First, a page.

There have been a large number of articles published regarding electronic health records. I wanted to share my thoughts given that Health IT an area that I believe has a tremendous amount of potential. This topic is nothing new, it has been discussed, tried, abandoned, and retried a number of times. Things are different now though in some important ways. For starters it has a great deal of federal attention, President Obama campaigned on the subject and he has justified it as a big step in helping to improve the economy. Secondly, the tools needed to facilitate this type of system are a lot more powerful. Handling large amounts of unstructured data and classifying, tagging, and searching has all become relatively easy.
So why hasn’t there been more progress on this front? Technology really has little to do with it, technology is actually the easier part of the total effort. There are several answers and they can vary slightly but it really boils down to the same reasons so many enterprise content management initiatives fail – because there is a lack of analysis, requirements definition, and careful strategic planning up front. Plus, once systems are deployed, there isn’t sufficient governance and it quickly becomes a support and maintenance headache so the benefits and your ROI disappear. Something as complex as electronic health records can also be hampered by key stakeholders from different areas failing to agree on a core set of requirements and policies in order to move forward. If there isn’t a commitment among these interested parties to work together towards a common set of goals and objectives producing a successful solution will be extremely difficult. This has certainly happened in the past but hopefully with the current momentum this obstacle can be overcome.
One of the key things for organizations planning this type undertaking is to understand and accept that it is not a one time thing. These aren’t single projects they are programs. Many projects have failed because the scope becomes way too ambitious and requirements are never properly defined. With something as complex as electronic health records getting to a refined, specific set of requirements that can be implemented is challenging at best. Which is why these programs should be broken up into a series of smaller, more tangible projects with scope that can be properly defined and is obtainable during a reasonable period of time.
Taking on more, smaller projects allows you to set more realistic goals, minimize risk, and learn from each iteration so you deploy a more reliable system that meets expectations and yields positive results. I can’t stress the importance of properly defining requirements down to a specific level, if the requirements are ambiguous and cannot be broken out into use cases you will not wind up with a sound design and the solution will more than likely fail to meet expectations. I am going to leave this point here since I am starting to cross over into software development methodology and process areas and I have whole separate article planned for that subject. It may take more than one if I really get on my soapbox!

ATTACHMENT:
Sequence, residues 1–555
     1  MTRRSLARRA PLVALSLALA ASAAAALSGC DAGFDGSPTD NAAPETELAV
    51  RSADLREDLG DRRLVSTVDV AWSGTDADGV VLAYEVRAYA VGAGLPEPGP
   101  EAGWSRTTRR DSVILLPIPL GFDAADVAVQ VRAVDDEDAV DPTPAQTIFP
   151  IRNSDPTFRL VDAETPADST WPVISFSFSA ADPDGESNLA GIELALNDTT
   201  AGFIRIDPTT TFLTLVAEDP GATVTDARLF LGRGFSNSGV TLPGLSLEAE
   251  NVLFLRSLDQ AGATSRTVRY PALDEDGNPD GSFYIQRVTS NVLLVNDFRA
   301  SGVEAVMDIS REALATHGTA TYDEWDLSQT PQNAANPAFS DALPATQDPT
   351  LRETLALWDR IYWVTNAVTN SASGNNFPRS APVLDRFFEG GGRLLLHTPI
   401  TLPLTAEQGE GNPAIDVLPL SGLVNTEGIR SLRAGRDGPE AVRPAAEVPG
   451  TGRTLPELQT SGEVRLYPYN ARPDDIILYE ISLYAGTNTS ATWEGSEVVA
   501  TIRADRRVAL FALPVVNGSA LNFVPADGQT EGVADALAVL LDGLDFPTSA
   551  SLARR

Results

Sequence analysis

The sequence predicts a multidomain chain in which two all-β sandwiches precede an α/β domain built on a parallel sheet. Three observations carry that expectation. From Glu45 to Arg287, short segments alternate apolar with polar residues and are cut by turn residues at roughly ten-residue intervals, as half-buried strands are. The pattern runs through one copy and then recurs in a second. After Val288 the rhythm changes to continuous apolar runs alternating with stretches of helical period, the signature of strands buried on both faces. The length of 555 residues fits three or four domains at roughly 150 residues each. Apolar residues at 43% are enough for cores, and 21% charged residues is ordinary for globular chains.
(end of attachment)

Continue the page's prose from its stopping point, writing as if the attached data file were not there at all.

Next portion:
There certainly have been some good examples, if you haven’t read about it check out the Delaware Health Information Network. The DIHN (pronounced The Din) as it is lovingly called has been an ongoing program and has been pretty successful. Will it be a model for other states and possibly more? I can’t say for sure but having a new VP from the great state of Delaware certainly can’t hurt!
So what can be done to help ensure that an electronic health records system is successful? For starters realize what I mentioned above, it isn’t a single project, it is a program made up of multiple projects driven towards a common goal. Of course stakeholder support and resources are a given as with any program but having stakeholders involved that know the different parts of the industry (i.e. Physicians, research, clinical, etc.) and are committed to the common goals is vital. As with any type of record, health records have compliance regulations that have to be met, the most notable of course is HIPAA. This is a risky area for electronic health records systems, one that has stumped efforts in the past.
How do you ensure patient privacy when these records become digital, especially with so many potential access points? This is a big reason key stakeholder input is critical and why there is a great need for governance of the solution once it is deployed. Roles and permission levels can be established but it is the subject matter experts that need to define them in order to help ensure accuracy.
Once a system is deployed the Governance Committee should be the authoritative body that provides change management guidance and helps ensure the common goals of the solution are being met, including compliance. As with any good program a road-map should be drawn so the team knows where they are and where they need to go. The road-map should define key milestones for the program and basically layout the projects to be undertaken along with their high-level scope. Earlier milestones will probably be more specific and it is OK if future milestones are more nebulous, this should be a living artifact that is revisited, and potentially revised, after each individual initiative at least. The goal is to lay a solid foundation and build upon it with additional functionality while also factoring in changes in regulation and in the environment.
Although not as important as the aforementioned functional and human factors in ensuring success, technology certainly has an important role to say the least. Using content management platforms effectively with intelligent classification, metadata standards, and search applications to manage, relate, and access these records will be vital. Usability is usually an after thought which is why new system adoption and sustainability can be difficult so it’s role in an initiative like this will be huge. If the system is difficult to use and frustrating for the end user they simply won’t adopt. You can build the best solution with all the functionality one could ever need but if nobody uses it the effort will still be an utter failure. Using proven usability techniques and best practices will help facilitate positive results.